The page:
The property at 37 Wentworth Avenue with timber residence built by 1884 and substantially extended in 1890-91 is significant.
How is it significant?
37 Wentworth Avenue is of local historic and aesthetic significance to the City of Boroondara.
Why is it significant?
37 Wentworth Avenue is historically significant as the property of Charles Wentworth whose large property was subdivided as the Shenley Estate in 1883. Wentworth, described as a florist, also had an orchard with 'fruit trees of every description' and the property enjoyed large frontages to the surrounding streets, indicating that it was amongst the early properties in the locality, another indicator of which is the front elevation facing the side of the current allotment suggesting that the house was built prior to the subdivision. The property is also significant for its later long term owners the Hosken family who owned and occupied the property from 1892 until the 1940s. Harry Hosken, a civil servant rose to become Deputy Auditor -General by 1909 and the property passed to Maude Hosken by the 1940s. (Criterion A).
37 Wentworth Avenue is aesthetically significant for its large, simply-designed timber residence set in a substantial garden. Unlike the majority of large Victorian houses in Boroondara, 37 Wentworth Avenue does not adopt the predominant Victorian Italianate stylistic tendencies. Built in the early 1880s the original house has a typical Victorian symmetrical facade facing the side of the allotment and the substantial additions carried out in the early 1890s provide the extensive frontage with elaborate turned timber verandah frieze made from a series of spindles. Aesthetically, 37 Wentworth Avenue retains a large double allotment, complementing the substantial facade with bay window, slate hip and gabled roofs and rendered chimneys. (Criterion E).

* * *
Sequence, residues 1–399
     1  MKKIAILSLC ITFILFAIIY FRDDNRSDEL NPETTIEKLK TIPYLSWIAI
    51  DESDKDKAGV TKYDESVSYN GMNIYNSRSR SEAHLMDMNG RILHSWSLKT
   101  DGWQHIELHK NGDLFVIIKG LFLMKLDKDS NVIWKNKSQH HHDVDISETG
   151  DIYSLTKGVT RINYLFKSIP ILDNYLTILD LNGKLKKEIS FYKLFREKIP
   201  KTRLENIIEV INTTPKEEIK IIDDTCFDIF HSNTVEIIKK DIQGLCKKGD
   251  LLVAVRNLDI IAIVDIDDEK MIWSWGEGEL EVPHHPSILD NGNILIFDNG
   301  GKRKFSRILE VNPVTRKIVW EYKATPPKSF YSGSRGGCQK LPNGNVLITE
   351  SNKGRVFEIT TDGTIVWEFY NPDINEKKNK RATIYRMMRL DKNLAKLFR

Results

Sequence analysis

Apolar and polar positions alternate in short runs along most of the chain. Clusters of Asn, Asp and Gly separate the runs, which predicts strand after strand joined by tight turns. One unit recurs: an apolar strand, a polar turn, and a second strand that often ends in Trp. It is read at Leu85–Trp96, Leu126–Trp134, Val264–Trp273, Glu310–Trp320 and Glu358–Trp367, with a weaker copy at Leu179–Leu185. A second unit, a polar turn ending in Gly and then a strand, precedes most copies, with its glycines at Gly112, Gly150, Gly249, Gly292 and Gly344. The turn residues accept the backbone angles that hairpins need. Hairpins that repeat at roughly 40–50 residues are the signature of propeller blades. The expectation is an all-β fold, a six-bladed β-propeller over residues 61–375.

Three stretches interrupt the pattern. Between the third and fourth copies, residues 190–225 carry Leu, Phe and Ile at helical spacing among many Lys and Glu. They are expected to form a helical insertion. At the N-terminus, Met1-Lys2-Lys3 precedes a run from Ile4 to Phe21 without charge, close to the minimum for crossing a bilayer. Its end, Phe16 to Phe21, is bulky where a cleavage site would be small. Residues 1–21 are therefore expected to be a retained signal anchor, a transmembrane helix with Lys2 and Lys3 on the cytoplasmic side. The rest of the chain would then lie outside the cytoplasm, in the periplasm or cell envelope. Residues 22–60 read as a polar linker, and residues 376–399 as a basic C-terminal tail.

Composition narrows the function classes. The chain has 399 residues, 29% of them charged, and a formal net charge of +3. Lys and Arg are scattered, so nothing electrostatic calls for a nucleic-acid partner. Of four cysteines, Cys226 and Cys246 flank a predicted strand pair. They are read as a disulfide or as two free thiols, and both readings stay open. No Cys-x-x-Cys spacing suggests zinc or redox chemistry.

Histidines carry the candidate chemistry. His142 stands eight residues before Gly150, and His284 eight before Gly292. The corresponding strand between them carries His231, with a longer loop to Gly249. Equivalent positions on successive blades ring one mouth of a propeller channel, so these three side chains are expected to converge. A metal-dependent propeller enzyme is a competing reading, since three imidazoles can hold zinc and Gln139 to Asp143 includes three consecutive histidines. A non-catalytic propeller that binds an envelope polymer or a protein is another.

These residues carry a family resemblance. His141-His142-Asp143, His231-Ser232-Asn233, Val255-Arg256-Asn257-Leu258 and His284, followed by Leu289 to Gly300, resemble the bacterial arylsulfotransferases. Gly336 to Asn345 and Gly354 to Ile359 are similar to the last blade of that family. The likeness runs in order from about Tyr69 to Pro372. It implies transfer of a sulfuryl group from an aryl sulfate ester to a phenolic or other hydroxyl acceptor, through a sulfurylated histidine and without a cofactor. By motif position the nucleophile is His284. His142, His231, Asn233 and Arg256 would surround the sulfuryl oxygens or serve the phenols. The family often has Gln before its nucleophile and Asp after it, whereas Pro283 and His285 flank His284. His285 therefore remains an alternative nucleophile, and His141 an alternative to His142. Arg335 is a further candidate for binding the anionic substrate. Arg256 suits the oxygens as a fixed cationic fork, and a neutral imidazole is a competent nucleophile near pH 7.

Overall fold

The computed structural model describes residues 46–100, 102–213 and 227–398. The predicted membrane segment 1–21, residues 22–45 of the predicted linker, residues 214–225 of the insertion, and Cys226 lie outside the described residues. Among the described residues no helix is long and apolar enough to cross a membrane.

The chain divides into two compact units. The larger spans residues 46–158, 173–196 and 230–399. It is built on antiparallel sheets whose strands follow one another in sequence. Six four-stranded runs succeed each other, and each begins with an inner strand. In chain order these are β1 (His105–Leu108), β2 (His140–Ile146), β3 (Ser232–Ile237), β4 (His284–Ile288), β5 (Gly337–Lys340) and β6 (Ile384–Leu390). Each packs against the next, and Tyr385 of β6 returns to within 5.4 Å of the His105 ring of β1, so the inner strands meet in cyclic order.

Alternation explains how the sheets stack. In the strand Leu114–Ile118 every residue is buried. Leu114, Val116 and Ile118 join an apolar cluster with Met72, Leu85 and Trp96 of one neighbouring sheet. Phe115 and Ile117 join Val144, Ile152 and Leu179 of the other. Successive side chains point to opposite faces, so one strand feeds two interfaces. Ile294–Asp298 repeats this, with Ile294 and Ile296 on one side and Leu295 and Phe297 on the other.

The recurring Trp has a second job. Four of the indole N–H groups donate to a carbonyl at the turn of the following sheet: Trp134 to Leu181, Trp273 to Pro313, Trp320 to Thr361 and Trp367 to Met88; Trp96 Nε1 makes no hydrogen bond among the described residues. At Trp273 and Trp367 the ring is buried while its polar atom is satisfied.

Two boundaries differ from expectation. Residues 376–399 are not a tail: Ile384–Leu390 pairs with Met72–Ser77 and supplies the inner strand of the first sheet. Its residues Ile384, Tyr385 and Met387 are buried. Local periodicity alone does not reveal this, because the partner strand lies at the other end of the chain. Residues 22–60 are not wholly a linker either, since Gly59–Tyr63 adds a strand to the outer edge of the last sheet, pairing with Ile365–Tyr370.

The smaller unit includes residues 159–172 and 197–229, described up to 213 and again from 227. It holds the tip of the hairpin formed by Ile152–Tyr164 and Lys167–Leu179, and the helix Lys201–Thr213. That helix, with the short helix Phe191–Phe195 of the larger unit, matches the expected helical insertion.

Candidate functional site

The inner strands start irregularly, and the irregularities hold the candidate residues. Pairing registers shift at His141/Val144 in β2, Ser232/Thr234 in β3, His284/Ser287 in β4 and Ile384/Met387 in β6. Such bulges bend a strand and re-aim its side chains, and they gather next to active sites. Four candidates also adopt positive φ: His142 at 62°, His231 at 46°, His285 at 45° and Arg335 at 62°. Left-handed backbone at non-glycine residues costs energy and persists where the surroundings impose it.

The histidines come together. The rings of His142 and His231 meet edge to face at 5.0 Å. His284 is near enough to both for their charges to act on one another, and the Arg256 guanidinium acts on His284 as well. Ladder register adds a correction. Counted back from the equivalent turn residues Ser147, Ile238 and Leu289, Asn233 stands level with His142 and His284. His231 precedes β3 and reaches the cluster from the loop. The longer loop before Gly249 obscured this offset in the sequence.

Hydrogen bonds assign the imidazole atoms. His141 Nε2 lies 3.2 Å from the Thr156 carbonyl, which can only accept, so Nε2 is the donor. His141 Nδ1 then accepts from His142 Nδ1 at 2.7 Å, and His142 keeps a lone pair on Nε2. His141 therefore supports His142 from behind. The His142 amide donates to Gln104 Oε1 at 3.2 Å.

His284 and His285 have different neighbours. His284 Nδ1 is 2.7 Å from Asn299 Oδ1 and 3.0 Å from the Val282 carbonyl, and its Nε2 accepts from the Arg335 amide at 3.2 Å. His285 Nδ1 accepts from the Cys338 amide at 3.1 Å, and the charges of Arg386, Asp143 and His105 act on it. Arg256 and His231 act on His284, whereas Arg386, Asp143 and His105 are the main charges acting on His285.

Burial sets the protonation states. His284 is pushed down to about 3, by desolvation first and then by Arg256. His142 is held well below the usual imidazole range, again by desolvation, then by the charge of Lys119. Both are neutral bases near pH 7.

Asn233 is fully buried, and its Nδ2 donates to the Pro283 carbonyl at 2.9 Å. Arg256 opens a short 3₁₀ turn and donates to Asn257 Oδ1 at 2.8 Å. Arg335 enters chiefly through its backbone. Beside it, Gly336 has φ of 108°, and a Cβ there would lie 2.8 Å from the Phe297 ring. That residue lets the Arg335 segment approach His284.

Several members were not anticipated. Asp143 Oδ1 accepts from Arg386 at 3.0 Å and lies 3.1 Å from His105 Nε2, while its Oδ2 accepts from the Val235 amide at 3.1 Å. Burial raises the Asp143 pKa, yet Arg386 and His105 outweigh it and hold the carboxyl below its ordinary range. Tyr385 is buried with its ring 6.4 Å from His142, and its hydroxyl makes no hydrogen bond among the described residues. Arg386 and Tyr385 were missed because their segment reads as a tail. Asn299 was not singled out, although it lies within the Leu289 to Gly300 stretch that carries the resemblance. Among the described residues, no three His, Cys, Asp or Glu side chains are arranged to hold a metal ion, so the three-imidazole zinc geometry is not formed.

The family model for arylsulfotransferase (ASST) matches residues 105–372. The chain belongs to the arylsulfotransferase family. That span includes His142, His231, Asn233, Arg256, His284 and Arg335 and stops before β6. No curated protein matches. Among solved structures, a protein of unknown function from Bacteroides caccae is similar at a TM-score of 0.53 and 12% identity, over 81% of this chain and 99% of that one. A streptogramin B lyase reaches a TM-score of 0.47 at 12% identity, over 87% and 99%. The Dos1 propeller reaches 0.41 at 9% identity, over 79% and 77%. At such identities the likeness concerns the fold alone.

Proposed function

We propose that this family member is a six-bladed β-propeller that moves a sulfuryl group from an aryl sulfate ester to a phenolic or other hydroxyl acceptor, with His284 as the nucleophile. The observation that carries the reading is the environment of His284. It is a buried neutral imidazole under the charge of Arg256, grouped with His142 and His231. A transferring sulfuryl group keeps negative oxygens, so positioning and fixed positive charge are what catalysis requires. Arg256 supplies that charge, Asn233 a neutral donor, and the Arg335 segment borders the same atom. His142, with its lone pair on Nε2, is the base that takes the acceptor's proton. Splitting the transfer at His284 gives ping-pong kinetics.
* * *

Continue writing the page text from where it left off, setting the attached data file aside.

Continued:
This large Victorian timber house with slate roof is set within an established garden and behind a low stone fence at the street boundary. Two large trees (one spruce, one oak) are located close to the property entry and give a sense of scale and grandeur to the garden and have amenity value.
The front of the large timber house is oriented to the south (and to the side) of the current block rather than fronting Wentworth Avenue. A front entry door and symmetrically placed sash windows run along this facade in a conventional symmetrical composition. A bay window and tall sash windows run along the east face (fronting Wentworth Avenue). A wide verandah runs along the east, south and part of the west sides of the house, with a projecting entry porch Wentworth Avenue. In 1993 the frame is described as kauri pine with American red pine for the weatherboards however this has not been confirmed.
The form and roof line of the house is unusual and somewhat difficult to read. It may be that the original house, built before 1884, had a hipped and gabled roof with the ridge running parallel to the front facade and the gable facing what is now Wentworth Avenue. It may also be that a smaller building or wing with gabled end ran parallel to the building above to its rear (north). The chimneys, bargeboard detailing on the end of the gables and windows of these two sections of the current building all suggest they were built at the same time or have been closely replicated.
Alterations were undertaken at the property in the early 1890s when the property changed ownership. This section of roof is higher than the original roof and a small gablet visible from the front facade indicates where the two roofs intersect. It is likely that the return verandah was added at this time. Of note for this property is the unusual detail of the timber verandah frieze. It seems likely it was constructed at the time of alterations around 1891/92. The timber is turned in elaborate spindle design.